Optimization of a Rhodopsin Targeting Ribozyme Knockdown-Reconstitute Strategy for Autosomal Dominant Retinitis Pigmentosa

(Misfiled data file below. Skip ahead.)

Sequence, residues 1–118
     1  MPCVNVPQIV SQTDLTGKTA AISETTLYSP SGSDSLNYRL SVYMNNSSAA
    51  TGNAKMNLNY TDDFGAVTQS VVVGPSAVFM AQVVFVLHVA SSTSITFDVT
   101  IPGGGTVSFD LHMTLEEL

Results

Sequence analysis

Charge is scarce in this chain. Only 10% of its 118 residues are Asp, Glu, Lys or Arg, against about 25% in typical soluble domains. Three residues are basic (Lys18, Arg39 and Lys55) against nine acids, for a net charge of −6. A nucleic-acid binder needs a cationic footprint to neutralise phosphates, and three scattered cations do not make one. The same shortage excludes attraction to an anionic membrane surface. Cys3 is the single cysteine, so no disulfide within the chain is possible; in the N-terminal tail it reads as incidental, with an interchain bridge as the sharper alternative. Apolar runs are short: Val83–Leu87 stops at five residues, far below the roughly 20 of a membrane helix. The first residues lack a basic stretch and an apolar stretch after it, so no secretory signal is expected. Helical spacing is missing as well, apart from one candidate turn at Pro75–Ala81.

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Autosomal Dominant Retinitis Pigmentosa (adRP) is a progressive retinal degenerative disease that leads to blindness, with around 400,000 cases worldwide. Mutations in the gene coding for Rhodopsin are responsible for around 30% of cases, and to date over 200 unique mutations in Rhodopsin have been identified to cause the disease with varying phenotypes of vision loss. A main way vision is impaired is as misfolded Rhodopsin protein forms aggregates that kill the cells of the retina. This gain of function disease is an excellent candidate for Post-Transcriptional Gene Silencing (PTGS) therapy. PTGS therapy knocks out expression of toxic protein by decreasing the amount of mutated RNA expressed. The Sullivan lab has historically developed ribozymes, RNA enzymes that are capable of cleaving targeted mRNAs, designed against wildtype Rhodopsin mRNA (RHO) in a Mutation Independent (MI) manner. Design of a therapeutic that targets wildtype and mutant RHO allows for a therapeutic that will be effective for a larger amount of the patient pool. To avoid haploinsufficiency in patients, a Knockdown-Reconstitute (KdR) strategy in which a reconstituted RHO vector that creates wildtype protein but is immune to ribozyme cleavage is used. The work described in this manuscript based PhD dissertation utilizes RNA secondary structural modeling techniques to analyze target RHO structure in evolutionary relationships, during natural processing found in vivo, and unique mutations in adRP patients. Data from studying target RHO sequence and structure was then used to both optimize ribozyme binding and cleavage in vitro and to create ribozyme immune reconstituted RHO for use in the KdR strategy.